Only if the forces which elected the new Republican House majority, stay united behind the issues they voted on, and only if House Republicans prove to be committed to those issues will it work. Without such a partnership of commitment to cuts by legislators and of , commitment by voters to the legislators who support such cuts, the news will not be good for the G.O.P. But if this partnership holds firm the real bad guys can take the heat for their real bad decisions.

I would also add this. Republicans should be much more afraid of compromising their principles than of a government shutdown. If they do not go all out to achieve the significant budget cuts they seek, voters will turn their backs on them for years to come. For many voters, 2010 was a last chance for Democrats to prove themselves to be sincere fiscal conservatives not liberal spenders. As such if the government remains open on March 6th but Republicans failed to achieve any significant spending solutions, the majorities that elected them in to office will be much less inclined to vote for them again. On the other hand, if there is a government shutdown and Republicans have shown that it is because Democrats refused to make necessary spending cuts, those who supported them before, will continue to do so and more will join them.

The bottom line is that Newt is right. Now if he is willing to take this message and translate it into a Republican campaign for President, it just make have a lot of play.

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“Officially” Throwing His Hat In The Ring Santorum Goes To Iowa

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After months of speculation, without an official comment on the subject, former Pennsylvania Senator Rick Santorum has confirmed to KDKA TV in Pittsburgh that he is ‘testing the waters’ for potential voter and financial support in a bid for the 2012 GOP Presidential nomination. Santorum will be visiting Iowa August 16th-18th and will be campaigning for several GOP candidates as well as making a few personal appearances. This is Santorum’s 5th trip to the important state of Iowa. The former Senator has also made several trips to New Hampshire and South Carolina, early primary states, fueling speculation that he is planning on a 2012 bid for the nations highest office.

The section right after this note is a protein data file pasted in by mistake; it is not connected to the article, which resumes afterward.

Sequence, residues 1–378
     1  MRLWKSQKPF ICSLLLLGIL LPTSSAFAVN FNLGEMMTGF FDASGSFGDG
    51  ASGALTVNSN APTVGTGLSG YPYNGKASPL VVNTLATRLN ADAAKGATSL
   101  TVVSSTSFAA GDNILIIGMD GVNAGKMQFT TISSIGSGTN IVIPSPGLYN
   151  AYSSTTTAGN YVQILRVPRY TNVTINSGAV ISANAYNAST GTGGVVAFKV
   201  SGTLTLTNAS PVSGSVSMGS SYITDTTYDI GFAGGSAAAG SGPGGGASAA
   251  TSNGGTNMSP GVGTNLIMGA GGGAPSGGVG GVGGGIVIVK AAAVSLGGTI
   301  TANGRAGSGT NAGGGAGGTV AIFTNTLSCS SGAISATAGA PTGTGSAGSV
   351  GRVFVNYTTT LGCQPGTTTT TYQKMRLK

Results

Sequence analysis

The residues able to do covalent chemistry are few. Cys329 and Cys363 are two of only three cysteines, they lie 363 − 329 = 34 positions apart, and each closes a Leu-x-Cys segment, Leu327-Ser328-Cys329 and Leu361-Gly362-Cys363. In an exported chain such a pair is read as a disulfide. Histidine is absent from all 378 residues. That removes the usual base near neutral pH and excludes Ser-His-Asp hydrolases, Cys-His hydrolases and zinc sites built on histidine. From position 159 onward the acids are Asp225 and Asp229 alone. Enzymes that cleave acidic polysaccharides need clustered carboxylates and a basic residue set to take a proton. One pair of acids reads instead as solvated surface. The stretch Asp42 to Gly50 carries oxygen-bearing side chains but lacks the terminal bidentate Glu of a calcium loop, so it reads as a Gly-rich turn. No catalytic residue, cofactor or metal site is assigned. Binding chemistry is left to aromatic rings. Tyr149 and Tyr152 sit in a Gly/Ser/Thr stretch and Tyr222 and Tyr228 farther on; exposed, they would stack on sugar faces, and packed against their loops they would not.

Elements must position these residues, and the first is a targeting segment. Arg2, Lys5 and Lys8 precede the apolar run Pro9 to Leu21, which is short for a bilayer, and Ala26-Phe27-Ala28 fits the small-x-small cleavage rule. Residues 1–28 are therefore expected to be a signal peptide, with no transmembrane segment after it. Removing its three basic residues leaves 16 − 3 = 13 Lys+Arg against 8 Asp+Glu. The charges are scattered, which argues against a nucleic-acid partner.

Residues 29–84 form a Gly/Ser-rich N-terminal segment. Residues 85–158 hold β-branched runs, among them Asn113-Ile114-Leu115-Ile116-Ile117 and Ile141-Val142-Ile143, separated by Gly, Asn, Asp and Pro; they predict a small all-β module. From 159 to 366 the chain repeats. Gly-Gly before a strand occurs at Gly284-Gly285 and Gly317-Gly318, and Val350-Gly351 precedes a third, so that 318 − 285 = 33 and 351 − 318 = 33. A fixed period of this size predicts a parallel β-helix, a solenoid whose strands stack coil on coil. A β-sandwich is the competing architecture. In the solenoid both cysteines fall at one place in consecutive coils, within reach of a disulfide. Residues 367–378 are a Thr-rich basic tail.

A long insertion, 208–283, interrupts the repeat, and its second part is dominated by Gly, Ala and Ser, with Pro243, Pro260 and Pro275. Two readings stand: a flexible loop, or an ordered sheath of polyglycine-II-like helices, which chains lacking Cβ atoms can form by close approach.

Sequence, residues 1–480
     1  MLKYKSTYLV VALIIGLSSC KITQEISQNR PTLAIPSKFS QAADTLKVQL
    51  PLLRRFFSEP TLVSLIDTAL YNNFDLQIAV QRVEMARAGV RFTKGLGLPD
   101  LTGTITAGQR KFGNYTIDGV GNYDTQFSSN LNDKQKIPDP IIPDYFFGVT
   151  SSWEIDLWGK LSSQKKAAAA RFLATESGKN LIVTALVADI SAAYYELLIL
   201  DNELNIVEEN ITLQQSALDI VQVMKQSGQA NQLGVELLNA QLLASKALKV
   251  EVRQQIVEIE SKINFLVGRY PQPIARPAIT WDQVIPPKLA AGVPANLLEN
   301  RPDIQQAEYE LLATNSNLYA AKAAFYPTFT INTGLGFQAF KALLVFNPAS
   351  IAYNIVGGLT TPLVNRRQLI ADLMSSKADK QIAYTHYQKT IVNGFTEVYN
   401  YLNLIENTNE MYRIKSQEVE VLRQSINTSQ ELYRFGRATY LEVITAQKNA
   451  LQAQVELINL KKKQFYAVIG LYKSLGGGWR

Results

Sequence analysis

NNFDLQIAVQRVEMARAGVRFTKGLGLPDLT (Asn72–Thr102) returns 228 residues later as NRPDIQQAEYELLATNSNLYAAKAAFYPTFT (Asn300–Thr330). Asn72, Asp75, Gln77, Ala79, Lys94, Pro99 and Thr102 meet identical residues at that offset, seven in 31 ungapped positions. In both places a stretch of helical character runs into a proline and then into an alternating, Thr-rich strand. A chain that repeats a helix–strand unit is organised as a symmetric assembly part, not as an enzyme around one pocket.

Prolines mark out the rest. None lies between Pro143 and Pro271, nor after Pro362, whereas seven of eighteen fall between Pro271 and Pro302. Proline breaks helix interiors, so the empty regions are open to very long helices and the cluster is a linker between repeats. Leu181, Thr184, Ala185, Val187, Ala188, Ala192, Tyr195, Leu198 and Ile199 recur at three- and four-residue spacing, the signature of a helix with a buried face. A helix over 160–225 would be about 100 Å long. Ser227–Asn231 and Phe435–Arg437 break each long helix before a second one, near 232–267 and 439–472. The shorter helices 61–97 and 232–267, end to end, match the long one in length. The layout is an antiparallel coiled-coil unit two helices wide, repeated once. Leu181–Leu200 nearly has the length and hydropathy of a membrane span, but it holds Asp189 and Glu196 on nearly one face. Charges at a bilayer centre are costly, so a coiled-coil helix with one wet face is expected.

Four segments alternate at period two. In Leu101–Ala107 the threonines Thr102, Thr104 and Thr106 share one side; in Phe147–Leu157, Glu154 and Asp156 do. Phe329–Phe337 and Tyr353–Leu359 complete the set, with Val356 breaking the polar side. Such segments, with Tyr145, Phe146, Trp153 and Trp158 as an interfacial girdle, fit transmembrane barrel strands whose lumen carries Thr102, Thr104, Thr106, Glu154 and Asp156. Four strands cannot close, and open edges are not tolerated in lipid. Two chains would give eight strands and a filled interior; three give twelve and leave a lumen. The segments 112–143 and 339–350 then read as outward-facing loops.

Seen as having strong conservative family values, the former Senator had a voting record that Liberals would deem ‘Bush Like’ and it very well may have cost him another term as the Jr. Senator from PA as the democrats rode a wave of anti-bush sentiment to gain control of the House and Senate. To conservatives however, it is exactly the voting record that could give a strong showing in a primary race especially given the ever sagging popularity ratings of the liberal policies of the White House and both houses of Congress.

As a Senator, Santorum voted Yes on a proposed balanced budget amendment. A move that would be viewed as widely popular amongst the conservative base in today’s economic environment. He also voted Yes to recommend a constitutional ban on flag desecration as well as voting to open up ANWR to domestic drilling. All policies that are at the heart of the conservative bases wish list. In addition he voted Yes on having tax-free education accounts and also voted in favor of the DC school voucher program. To add to his conservative credentials the Senator also voted in favor of a voluntary privatization of Social Security as well as Yes on a Lock Box on the fund.

The Senator was also scored 100% by the US Chamber of Commerce on his business policy as well as receiving a 100% rating by CATO on his free trade voting record. Both ratings which would be viewed as positive lights on his conservative credentials by the conservative base. In a time of economic uncertainty these endorsements could also spur many independents to look Santorum’s way when considering a candidate whose policies could bring the economy out of the current doldrum it is in.

So as the conservative Republican base looks for it’s next shining star it may have to look no further than former Senator Rick Santorum. A candidate whose voting record may have cost him his senate seat in 2006, but in hind sight a record that could be seen as a positive alternative to the liberal policies that have not only kept the car in the ditch, but turned it on it’s side.